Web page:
Farm News (09/09/14)

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Important Reminders:
  • This week we are delivering vegetables, fruit, eggs, and dairy.
  • Next week we will be delivering vegetables and fruit.

The Vegetable Share:

  • Arugula
  • Yellow or Red Potatoes
  • Leeks
  • Tomatoes (probably heirloom)
  • Fresh Thyme & Oregano
  • Shallots
  • Red & Green Head Lettuce
  • Kohlrabi
  • Napa cabbage or Traditional Cabbage
  • Eggplant or Cantaloupe
The Fruit Share:
  • Bartlett Pears
  • Raspberries
  • Nectarines
  • 'Jupiter' Grapes
This week's fruit share is a colorful collection of late summer and early fall fruits. The peach has wrapped up for the season, and we're distributing the last of the nectarines this week. The coming weeks will keep Mick's crew busy harvesting grapes, raspberries, apples, pears, and plums. He will also be making a batch of cider later this month that we will distribute in one of the final fruit shares.


 The Dairy Share:
  • Greek Yogurt from Pastureland Cooperative
  • 'Sweet Constantine' from Hook's Cheese Co. (similar to an aged Asiago)
  • Handmade Cultured Butter with Sea Salt from Nordic Creamery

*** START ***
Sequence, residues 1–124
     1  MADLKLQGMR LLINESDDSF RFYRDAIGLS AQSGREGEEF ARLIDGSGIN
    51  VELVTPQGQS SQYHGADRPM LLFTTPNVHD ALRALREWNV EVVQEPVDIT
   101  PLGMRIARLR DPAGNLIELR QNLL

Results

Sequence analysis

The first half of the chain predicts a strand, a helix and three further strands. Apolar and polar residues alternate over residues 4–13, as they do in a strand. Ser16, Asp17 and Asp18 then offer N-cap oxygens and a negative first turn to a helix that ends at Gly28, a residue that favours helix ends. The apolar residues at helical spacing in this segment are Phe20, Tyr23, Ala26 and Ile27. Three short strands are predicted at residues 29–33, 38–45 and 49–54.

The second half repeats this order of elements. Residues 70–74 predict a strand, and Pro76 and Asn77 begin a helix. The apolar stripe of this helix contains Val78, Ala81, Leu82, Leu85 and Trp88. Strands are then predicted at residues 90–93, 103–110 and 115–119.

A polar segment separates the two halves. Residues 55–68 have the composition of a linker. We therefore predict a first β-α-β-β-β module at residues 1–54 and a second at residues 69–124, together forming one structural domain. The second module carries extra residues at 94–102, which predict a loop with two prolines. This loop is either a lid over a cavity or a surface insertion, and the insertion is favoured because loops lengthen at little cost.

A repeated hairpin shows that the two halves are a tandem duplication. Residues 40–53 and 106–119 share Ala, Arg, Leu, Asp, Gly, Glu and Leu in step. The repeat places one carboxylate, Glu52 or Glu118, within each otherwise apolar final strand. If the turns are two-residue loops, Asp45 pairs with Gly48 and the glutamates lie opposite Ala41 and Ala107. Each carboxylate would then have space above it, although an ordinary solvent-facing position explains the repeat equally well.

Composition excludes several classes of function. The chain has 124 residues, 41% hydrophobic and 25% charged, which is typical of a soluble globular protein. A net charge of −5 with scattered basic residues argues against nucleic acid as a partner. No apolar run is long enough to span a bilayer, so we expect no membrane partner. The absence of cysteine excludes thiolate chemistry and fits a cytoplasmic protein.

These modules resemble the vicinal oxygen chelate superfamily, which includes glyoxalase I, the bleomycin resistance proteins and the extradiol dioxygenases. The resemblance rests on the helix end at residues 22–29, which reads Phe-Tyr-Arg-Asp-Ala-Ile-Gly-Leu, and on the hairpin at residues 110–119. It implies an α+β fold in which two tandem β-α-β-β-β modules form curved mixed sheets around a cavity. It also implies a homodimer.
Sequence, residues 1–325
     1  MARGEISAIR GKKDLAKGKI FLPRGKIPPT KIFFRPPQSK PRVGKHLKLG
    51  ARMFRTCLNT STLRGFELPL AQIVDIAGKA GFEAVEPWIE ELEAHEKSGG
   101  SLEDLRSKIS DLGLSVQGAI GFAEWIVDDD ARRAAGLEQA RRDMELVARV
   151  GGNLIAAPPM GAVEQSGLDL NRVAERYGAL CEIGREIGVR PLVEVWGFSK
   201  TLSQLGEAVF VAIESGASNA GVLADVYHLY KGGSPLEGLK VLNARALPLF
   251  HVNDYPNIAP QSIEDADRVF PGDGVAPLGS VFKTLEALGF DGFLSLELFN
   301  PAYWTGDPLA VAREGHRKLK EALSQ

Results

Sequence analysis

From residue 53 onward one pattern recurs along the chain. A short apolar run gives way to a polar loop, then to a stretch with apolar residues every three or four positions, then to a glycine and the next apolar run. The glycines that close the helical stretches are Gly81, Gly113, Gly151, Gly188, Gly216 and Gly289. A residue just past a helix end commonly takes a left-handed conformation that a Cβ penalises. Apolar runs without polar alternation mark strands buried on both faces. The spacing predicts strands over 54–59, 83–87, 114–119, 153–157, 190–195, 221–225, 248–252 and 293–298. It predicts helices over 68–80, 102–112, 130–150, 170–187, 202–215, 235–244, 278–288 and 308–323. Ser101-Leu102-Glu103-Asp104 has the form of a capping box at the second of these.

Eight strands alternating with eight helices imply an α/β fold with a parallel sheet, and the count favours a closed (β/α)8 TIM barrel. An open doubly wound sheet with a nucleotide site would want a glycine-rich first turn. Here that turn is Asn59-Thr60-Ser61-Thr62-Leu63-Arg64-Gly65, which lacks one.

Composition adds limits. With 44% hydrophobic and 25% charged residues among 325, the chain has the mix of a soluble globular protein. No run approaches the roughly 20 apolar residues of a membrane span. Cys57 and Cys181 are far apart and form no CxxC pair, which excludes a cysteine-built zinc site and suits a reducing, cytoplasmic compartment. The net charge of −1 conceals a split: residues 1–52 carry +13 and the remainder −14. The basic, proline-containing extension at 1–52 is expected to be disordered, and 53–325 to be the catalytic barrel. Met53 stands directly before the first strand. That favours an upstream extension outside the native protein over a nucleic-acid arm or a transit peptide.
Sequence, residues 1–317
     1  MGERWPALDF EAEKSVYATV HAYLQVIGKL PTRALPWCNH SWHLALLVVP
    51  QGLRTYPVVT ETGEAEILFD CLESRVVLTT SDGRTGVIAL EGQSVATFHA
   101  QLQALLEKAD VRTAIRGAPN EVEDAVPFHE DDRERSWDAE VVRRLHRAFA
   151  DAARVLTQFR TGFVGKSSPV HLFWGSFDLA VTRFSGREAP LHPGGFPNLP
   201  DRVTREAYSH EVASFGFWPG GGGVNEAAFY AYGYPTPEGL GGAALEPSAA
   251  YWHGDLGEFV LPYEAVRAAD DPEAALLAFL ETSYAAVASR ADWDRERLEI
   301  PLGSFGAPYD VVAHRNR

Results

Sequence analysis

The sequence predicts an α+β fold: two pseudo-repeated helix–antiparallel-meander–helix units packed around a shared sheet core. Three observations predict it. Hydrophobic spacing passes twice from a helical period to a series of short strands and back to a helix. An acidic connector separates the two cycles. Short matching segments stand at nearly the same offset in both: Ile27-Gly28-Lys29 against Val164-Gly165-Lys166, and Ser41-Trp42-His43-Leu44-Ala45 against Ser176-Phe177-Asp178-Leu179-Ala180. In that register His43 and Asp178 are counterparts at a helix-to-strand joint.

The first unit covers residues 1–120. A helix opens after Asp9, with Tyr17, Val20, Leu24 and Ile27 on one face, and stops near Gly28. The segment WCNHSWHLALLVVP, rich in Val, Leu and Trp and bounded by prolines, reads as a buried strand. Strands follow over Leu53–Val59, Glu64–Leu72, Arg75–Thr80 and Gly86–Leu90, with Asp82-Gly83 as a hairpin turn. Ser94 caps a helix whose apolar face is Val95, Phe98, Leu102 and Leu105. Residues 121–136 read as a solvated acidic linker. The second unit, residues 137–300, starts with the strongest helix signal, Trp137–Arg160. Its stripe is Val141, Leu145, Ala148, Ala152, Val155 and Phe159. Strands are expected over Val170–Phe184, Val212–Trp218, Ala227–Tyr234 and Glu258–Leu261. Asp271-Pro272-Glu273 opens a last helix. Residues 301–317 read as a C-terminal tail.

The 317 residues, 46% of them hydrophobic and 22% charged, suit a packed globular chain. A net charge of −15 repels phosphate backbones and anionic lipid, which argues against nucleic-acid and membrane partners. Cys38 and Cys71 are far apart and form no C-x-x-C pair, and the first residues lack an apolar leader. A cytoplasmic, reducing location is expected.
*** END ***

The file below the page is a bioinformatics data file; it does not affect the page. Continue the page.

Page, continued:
In the Farm Kitchen: Tips for Making the Most of your Share
Bartlett pears are a favorite in the farm kitchen because they are such a delicious and versatile fruit. They can be used in sweet desserts as well as in savory meat dishes and vegetable salads. Your pears are picked on the firm side in order to prevent bruising during harvest. Store them in the fridge until a few days before you want to eat them. Then allow them to ripen at room temperature. Placing pears in a paper bag at this point will speed things up because it traps the ethylene gas that pears naturally emit during the ripening process.



The shallot is considered by some cooks to be the most glamorous member of the onion family. It is a kitchen staple in France where it is prized for its complex onion flavor. It is strong without being sharp. Store shallots in a dry place out of direct sunlight. They will keep for several months.


  

This Week's Featured Recipes

Vegetable Frittata
from Bon Appétit, September 1997

1 1/2 teaspoons olive oil
2 shallots, thinly sliced
1 medium bunch arugula, chopped
1 cup fresh tomatoes, chopped
4 large eggs
6 large egg whites
1/2 teaspoon salt
1/4 teaspoon ground black pepper
1/2 cup grated Asiago cheese

Preheat broiler. Heat olive oil in 10-inch-diameter nonstick skillet over medium-high heat. Add shallot; sauté until golden. Add arugula and tomatoes; stir until arugula is wilted, about 1 minute.

Whisk eggs, egg whites, salt and pepper in medium bowl to blend. Pour egg mixture over vegetables in skillet; stir gently to combine. Reduce heat to medium-low. Cook without stirring until eggs are set on bottom, about 5 minutes. Sprinkle cheese over frittata. Broil until cheese melts, about 2 minutes.                     
 
Potato Gratin with Leeks & Thyme
from www.williams-sonoma.com

2 tablespoons olive oil
2 leeks, halved lengthwise, white and light
  green parts thinly sliced

1 teaspoon chopped fresh thyme
1 1/2 teaspoon kosher salt